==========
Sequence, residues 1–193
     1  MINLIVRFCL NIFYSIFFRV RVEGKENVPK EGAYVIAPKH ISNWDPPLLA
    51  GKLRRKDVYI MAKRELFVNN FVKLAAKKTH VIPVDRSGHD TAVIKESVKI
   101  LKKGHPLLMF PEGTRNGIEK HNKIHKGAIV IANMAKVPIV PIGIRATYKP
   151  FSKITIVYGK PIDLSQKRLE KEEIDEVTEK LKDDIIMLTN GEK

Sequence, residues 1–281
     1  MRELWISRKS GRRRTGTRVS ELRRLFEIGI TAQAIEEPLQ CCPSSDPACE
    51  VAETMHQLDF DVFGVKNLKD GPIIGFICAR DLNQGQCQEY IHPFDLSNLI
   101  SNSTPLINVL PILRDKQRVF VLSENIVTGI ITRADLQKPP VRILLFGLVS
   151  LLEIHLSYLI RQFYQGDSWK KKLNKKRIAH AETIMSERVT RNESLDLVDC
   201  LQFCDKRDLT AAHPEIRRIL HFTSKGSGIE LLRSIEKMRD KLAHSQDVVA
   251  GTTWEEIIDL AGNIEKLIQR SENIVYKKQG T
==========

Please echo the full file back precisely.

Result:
Sequence, residues 1–193
     1  MINLIVRFCL NIFYSIFFRV RVEGKENVPK EGAYVIAPKH ISNWDPPLLA
    51  GKLRRKDVYI MAKRELFVNN FVKLAAKKTH VIPVDRSGHD TAVIKESVKI
   101  LKKGHPLLMF PEGTRNGIEK HNKIHKGAIV IANMAKVPIV PIGIRATYKP
   151  FSKITIVYGK PIDLSQKRLE KEEIDEVTEK LKDDIIMLTN GEK

Sequence, residues 1–281
     1  MRELWISRKS GRRRTGTRVS ELRRLFEIGI TAQAIEEPLQ CCPSSDPACE
    51  VAETMHQLDF DVFGVKNLKD GPIIGFICAR DLNQGQCQEY IHPFDLSNLI
   101  SNSTPLINVL PILRDKQRVF VLSENIVTGI ITRADLQKPP VRILLFGLVS
   151  LLEIHLSYLI RQFYQGDSWK KKLNKKRIAH AETIMSERVT RNESLDLVDC
   201  LQFCDKRDLT AAHPEIRRIL HFTSKGSGIE LLRSIEKMRD KLAHSQDVVA
   251  GTTWEEIIDL AGNIEKLIQR SENIVYKKQG T